Denmark to restrict North Jutland borders due to mink coronavirus outbreak

Authorities in Denmark are to ask residents in North Jutland not to leave their home municipalities due to concerns over the spread of a mutated form of coronavirus.

Denmark to restrict North Jutland borders due to mink coronavirus outbreak
Jammerbugt is one of seven North Jutland municipalities to be encompassed by local restrictions due to a coronavirus mutation stemming from mink. Photo: Henning Bagger/Ritzau Scanpix

Seven municipalities with confirmed coronavirus cases in mink are to be encompassed by restrictions asking residents to remain within municipal limits as far as possible.

The municipalities affected by the order are Hjørring, Frederikshavn, Vesthimmerland, Brønderslev, Jammerbugt, Thisted and Læsø.

“We have to stop movement of residents across municipal borders. We need to find a model for this,” Per Bach Laursen, the mayor in the Vesthimmerland municipality, told Politiken.

Restaurants, sports and cultural activities are to be closed for the next four weeks, Laursen also told the newspaper.

Regional broadcaster TVMidtvest reports that there is unlikely to be any physical control of municipal borders, but that the government is still working to finalise measures. That is also based on comments from Laursen, the mayor in Vesthimmerland.

The intervention comes after the national government on Wednesday announced it would cull the entire population of minks at farms in Denmark.

The decision to cull up to 17 million animals was deemed unavoidable after a mutated version of the new coronavirus was detected at mink farms and then spread to people.

The mutation “could pose a risk that future (coronavirus) vaccines won't work the way they should,” Prime Minister Mette Frederiksen told a press conference, adding: “It is necessary to cull all the minks.”

Laursen told broadcaster DR that people in the affected North Jutland municipalities should stay within the borders of the municipality in which they live and get a coronavirus test.

Anyone who tests positive for coronavirus in the affected municipalities will also be required to test for whether they have been infected with the normal strain or the variation from mink farms.

Schools and child care facilities will remain open, but adult education will be limited, according to the Danish media reports.

The restrictions will come into effect from tomorrow for an initial four weeks.

Twelve people were registered as infected with a mutated form of the coronavirus, news wire Ritzau reported on Wednesday, but the real number is likely to be far higher. Newspaper Information reported on Thursday that up to four or five percent of infections in North Jutland may be with the specific mink mutation of coronavirus that is concerning authorities.

READ ALSO: Denmark to cull millions of minks over mutated coronavirus




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Did Sweden’s state epidemiologist really get a big job at the WHO?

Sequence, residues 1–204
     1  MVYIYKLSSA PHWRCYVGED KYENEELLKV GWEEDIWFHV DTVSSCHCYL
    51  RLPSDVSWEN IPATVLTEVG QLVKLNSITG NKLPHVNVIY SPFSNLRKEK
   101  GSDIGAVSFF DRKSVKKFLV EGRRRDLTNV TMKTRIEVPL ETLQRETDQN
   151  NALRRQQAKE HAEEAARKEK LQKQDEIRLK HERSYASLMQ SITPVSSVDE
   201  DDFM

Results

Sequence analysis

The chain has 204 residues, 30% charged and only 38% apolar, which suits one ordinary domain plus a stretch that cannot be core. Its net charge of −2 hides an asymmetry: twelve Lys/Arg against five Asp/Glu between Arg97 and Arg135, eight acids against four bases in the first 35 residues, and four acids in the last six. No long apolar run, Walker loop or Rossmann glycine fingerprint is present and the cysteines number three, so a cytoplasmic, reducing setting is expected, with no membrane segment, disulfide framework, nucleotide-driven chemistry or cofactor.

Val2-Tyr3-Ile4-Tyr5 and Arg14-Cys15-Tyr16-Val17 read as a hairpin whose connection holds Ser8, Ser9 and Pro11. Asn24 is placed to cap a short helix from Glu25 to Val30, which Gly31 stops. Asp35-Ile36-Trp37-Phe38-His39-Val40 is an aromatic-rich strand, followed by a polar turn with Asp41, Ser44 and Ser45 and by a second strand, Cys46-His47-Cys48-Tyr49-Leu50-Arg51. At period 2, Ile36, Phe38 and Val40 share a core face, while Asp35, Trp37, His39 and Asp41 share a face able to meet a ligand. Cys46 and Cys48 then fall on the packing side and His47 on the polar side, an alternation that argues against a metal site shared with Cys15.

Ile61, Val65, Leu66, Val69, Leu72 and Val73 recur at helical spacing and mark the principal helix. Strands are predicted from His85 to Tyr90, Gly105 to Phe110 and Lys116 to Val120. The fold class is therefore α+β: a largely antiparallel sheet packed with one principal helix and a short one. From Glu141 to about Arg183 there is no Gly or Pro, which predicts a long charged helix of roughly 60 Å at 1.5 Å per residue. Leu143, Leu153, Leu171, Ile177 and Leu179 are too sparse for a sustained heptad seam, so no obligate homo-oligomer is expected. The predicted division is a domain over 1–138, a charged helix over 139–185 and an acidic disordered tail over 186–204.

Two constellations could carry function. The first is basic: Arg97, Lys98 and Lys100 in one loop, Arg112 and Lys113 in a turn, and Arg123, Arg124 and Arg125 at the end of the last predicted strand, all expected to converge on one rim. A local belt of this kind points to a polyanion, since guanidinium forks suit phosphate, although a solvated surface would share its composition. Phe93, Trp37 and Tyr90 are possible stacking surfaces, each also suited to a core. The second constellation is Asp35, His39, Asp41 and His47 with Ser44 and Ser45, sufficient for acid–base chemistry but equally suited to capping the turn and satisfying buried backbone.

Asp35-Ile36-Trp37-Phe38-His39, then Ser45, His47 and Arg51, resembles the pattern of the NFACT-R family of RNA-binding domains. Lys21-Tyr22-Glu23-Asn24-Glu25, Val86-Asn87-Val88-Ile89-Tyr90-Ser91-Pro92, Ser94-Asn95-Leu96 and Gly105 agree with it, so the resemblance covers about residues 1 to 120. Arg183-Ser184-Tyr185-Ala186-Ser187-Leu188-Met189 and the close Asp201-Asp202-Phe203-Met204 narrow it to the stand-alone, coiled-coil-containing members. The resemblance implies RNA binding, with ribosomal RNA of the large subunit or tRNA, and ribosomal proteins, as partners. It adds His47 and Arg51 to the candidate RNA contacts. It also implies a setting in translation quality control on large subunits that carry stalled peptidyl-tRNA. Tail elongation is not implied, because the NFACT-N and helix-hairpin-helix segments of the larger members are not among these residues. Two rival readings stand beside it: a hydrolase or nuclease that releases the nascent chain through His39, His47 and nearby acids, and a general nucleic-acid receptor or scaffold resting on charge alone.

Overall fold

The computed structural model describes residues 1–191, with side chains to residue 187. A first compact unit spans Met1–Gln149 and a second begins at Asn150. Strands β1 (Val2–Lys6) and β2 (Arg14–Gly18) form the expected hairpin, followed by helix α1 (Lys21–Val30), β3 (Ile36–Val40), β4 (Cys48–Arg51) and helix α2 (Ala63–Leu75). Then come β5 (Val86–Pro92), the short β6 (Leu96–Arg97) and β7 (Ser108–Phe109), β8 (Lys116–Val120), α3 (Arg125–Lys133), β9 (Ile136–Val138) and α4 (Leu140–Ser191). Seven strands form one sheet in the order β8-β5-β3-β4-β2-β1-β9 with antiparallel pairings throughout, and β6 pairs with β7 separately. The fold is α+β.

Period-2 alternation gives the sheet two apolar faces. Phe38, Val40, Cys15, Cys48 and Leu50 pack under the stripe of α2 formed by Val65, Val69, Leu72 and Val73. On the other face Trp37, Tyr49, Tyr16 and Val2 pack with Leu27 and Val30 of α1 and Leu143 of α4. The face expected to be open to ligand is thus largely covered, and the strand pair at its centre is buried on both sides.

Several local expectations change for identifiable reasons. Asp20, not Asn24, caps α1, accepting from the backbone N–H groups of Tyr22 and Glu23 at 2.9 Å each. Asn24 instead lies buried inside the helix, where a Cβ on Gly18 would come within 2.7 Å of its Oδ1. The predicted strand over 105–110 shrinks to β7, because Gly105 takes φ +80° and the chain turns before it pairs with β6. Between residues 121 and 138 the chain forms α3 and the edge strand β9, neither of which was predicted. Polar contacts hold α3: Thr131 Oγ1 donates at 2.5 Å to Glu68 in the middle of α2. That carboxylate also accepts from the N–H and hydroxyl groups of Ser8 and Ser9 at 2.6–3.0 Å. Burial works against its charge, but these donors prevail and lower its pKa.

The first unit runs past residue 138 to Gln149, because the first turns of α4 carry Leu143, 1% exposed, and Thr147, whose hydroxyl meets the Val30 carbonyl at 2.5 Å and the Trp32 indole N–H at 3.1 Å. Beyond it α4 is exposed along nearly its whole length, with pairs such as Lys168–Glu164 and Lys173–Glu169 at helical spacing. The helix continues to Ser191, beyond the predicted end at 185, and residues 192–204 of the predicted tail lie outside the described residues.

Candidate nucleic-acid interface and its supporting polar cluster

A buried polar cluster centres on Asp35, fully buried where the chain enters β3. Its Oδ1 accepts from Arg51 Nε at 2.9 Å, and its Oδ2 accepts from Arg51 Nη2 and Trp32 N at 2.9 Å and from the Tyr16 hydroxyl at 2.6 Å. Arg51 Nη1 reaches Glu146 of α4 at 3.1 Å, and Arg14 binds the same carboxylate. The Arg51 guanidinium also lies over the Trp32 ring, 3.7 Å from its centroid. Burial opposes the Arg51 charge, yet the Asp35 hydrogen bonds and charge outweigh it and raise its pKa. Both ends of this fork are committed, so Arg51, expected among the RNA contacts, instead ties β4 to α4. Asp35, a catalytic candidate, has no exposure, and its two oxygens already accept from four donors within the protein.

For his supporters, it was well-deserved, for his detractors a case of failing upwards. But when Sweden's Public Health Agency announced this month that state epidemiologist Anders Tegnell was taking a job at the World Health Organisation, both sides assumed it was true.

Did Sweden's state epidemiologist really get a big job at the WHO?

Now, it seems, the job might not be there after all. 

At the start of this month, Sweden’s Public Health Agency announced that Anders Tegnell was resigning to take up a post coordinating vaccine work with the World Health Organisation in Geneva. 

“I’ve worked with vaccines for 30 years and have at the same time always been inspired by international issues,” Tegnell said in the release. “Now I will have the chance to contribute to this comprehensive international work.”

During the first and second waves of the Covid-19 pandemic, Tegnell shot immediately from obscurity into the spotlight, gaining such celebrity status in Sweden that one fan had his profile tattooed onto his arm.

Internationally he was hailed by lockdown sceptics for his reasoned arguments against overly restrictive measures to control the spread of the virus. 

His new WHO appointment was reported all over the world. 

But on Tuesday, the Svenska Daglabdet newspaper revealed that the job had not yet been awarded. A spokesperson for the WHO said at a press conference in Geneva that “there is some confusion”, and that “this is an internal question.” 

According to the newspaper, there is even “a certain level of irritation” behind the scenes at the WHO that Sweden acted too soon and dispatched Tegnell to a job that did not actually exist yet. 

“We have received an offer from Sweden, which is still under discussion,” the organisation’s press spokesperson, Fadela Chaib, told the newspaper. 

On Thursday, the Public Health Agency’s press chief Christer Janson conceded that there had been a mistake and that the negotiation had not been completed.  

“We believed it was done, but it wasn’t,” he told Expressen in an interview. “It’s been a much longer process to get this completed than we thought. There’s been a misunderstanding and we regret that.”